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Griffin making effort to fine tune jump shot


POSTED: Oct 9, 2012 5:30 PM ET

By Scott Howard-Cooper

BY Scott Howard-Cooper

NBA.com

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Known more for his high-flying dunks, Blake Griffin is putting in work to improve his overall offensive game.

— Blake Griffin was talking about gaining confidence in his shot and feeling better about his entire offensive game that already bordered on pyrotechnic. Coach Vinny Del Negro was talking about how an improved jumper will open up the court for Griffin and they weren't fooling anyone.

Yes, deconstructing his release will be beneficial on the scoreboard and, sure, extending his arsenal to add what the Clippers hope will be a dependable mid-range game will be one more way to drive opposing coaches to insomnia. But please. This isn't solely about keeping Griffin in the game.

This is about keeping him out of traction.

The Clippers hired Bob Thate as shooting coach. Clippers big men Griffin and DeAndre Jordan are two prized pupils, and this could become more about adding time to Griffin's career than adding numbers to his scoring average.

Most field goals from restricted area, 2011-12
Player FGM FGA FG%
Blake Griffin
394 557 70.7%
Andrew Bynum
331 480 69.0%
LeBron James
315 427 73.8%
Greg Monroe
311 534 58.2%
Dwight Howard 303 472 64.2%

This is the All-Star power forward, after all, who last season led the league in baskets and attempts from inside the restricted area, making him a constant target for contact, even subtracting the times defenders couldn't get close as Griffin elevated to the ceiling. More than that, he embarrasses people with posterizing dunks, and opponents tend to like to avoid being on the wrong side of a highlight reel. He could go airborne, someone could decide the next Mozgovian moment won't happen on their watch, and Griffin is a wide receiver going over the middle as a DB sharpens a sword.

"You've got to expect that," said Lamar Odom, an opposing power forward before and a teammate now. "He dunks the ball. Guys that dunk the ball are going to go through that. That's the most embarrassing play in the NBA, someone that takes the ball and dunks it over you. That's the first thing you see when SportsCenter is on or YouTube or any highlight reel you can think of. A guy can have 25 points and 10 rebounds, but if he gets dunked on three times in a game, that's what they're going to show. They're going to show three dunks. Dunks and threes. Right? Blake has to expect that. That's why getting a nice floater or a nice jump hook, it'll help. He can make his power move and then finish with finesse. He'll get and-ones like that."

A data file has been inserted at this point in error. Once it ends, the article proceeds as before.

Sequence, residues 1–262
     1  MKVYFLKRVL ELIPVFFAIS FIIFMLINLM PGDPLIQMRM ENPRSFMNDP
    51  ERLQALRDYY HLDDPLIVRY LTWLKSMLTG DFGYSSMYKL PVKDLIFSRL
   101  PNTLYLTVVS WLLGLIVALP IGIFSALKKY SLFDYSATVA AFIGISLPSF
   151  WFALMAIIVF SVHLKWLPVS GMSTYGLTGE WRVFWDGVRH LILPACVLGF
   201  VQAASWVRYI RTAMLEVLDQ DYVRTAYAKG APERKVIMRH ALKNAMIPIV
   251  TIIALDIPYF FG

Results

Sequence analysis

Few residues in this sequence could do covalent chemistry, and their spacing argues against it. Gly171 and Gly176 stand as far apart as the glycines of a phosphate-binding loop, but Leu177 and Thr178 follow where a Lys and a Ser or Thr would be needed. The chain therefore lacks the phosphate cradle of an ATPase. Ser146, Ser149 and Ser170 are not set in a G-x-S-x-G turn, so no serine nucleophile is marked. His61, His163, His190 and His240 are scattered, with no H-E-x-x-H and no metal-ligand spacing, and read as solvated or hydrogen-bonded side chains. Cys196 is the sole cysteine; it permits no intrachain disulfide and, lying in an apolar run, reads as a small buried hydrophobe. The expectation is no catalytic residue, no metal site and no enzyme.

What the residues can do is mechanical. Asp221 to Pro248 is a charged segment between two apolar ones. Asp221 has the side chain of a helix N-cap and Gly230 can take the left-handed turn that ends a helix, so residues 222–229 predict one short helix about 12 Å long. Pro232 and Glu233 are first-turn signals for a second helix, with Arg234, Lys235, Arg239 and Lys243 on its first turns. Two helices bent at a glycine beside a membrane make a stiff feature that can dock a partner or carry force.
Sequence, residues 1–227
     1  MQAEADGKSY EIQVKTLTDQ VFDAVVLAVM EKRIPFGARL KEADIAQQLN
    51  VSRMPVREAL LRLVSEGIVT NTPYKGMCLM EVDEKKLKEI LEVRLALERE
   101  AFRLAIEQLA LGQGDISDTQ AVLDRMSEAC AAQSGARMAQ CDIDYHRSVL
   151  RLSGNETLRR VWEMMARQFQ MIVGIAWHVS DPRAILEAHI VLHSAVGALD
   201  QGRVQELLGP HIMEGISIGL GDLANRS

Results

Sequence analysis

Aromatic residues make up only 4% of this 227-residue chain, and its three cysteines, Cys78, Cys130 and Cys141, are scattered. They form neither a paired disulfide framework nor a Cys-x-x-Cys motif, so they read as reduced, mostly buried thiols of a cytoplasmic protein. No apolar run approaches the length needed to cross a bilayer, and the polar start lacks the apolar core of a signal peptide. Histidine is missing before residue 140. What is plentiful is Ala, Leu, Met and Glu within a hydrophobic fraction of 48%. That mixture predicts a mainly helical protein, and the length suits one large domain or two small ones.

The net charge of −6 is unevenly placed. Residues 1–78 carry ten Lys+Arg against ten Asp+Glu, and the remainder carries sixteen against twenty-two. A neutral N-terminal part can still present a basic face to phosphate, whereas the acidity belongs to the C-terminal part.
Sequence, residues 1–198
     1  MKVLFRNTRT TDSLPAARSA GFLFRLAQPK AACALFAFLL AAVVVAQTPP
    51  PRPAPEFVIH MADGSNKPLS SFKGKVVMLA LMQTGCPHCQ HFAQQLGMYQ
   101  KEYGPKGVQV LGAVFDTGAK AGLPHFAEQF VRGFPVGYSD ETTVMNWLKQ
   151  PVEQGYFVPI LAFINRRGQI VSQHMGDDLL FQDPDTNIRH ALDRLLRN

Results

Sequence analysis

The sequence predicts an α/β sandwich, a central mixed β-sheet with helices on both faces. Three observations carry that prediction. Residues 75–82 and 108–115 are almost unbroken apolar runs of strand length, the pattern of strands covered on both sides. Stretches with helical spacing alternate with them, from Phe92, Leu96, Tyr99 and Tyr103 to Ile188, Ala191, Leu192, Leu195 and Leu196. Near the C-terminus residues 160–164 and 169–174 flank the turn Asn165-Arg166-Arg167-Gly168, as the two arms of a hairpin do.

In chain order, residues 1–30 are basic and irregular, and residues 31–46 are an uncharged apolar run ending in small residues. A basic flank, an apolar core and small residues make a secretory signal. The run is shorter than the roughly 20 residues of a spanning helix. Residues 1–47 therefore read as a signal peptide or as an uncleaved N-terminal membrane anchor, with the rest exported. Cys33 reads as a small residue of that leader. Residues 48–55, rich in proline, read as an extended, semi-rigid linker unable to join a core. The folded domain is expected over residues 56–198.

Of course adding a jumper connects to Griffin's health. He is coming off a second surgery on his left knee in about 2 ½ years and his signature move is to get aerodynamic, even if it means absorbing contact on a locomotive move to the basket that usually send defenders bouncing but still exposes Griffin to the potential of crash landings.

Expanding his offensive game was a logical next step anyway, but the injury history combined with the style of play increases the value of being more comfortable away from the basket. Enter Thate, a shooting coach who previously worked for the Nets and later several individual players from different teams, with Jason Kidd crediting Thate for helping extend his career.

Blake Grffin Media Day Interview

Griffin began his tutoring in mid-June, only to have the sessions cut short when he began workouts with USA Basketball in preparation for the Olympics and then shelved completely because of the knee surgery. As Griffin got healthy, he got back to the shot, breaking down his mechanics and learning new methods so slowly that it could be frustrating.

"It was one of those things where you completely change what you've been doing," Griffin said after a practice at the Clippers' training facility. "It takes a while to get used to it."

He was feeling more comfortable by the start of camp and saying, "It's not one of those things where you're going to look at it and be like, 'Oh, wow, it's completely different.' But for me, the feel -- it's much more compact. I guess that's the better word. There's less chance for error. But, still, I've got a long way to go." Among the alterations is Griffin losing the tendency to unnecessarily fade away just before the release.

"His release point's better," Del Negro said. "His balance is better. I think his confidence is better. But it's not going to happen overnight. It's going to take some time. Everyone wants it now, but there's a process involved. He's putting in all the time and effort he can. You're going to see some more consistency there and improvement."

You're going to see an important change in Griffin's game.

"It opens up everything," Del Negro said. "Not only for him, but for everyone. Just the spacing factor. And he doesn't have to take as much pounding. The physical factor. It's going to come. He's just got to get into his range, pick his spots. He works on it all the time. It's just a matter of time for him because he works so hard."

This is about all of that -- adding to Griffin's offense, forcing defenses to step out to defend him on the perimeter in a way that will help the other Clippers on the court, and, yes, the physical factor. This is about keeping him out of traction.

Scott Howard-Cooper has covered the NBA since 1988. You can e-mail him here and follow him on Twitter.

The views on this page do not necessarily reflect the views of the NBA, its clubs or Turner Broadcasting.

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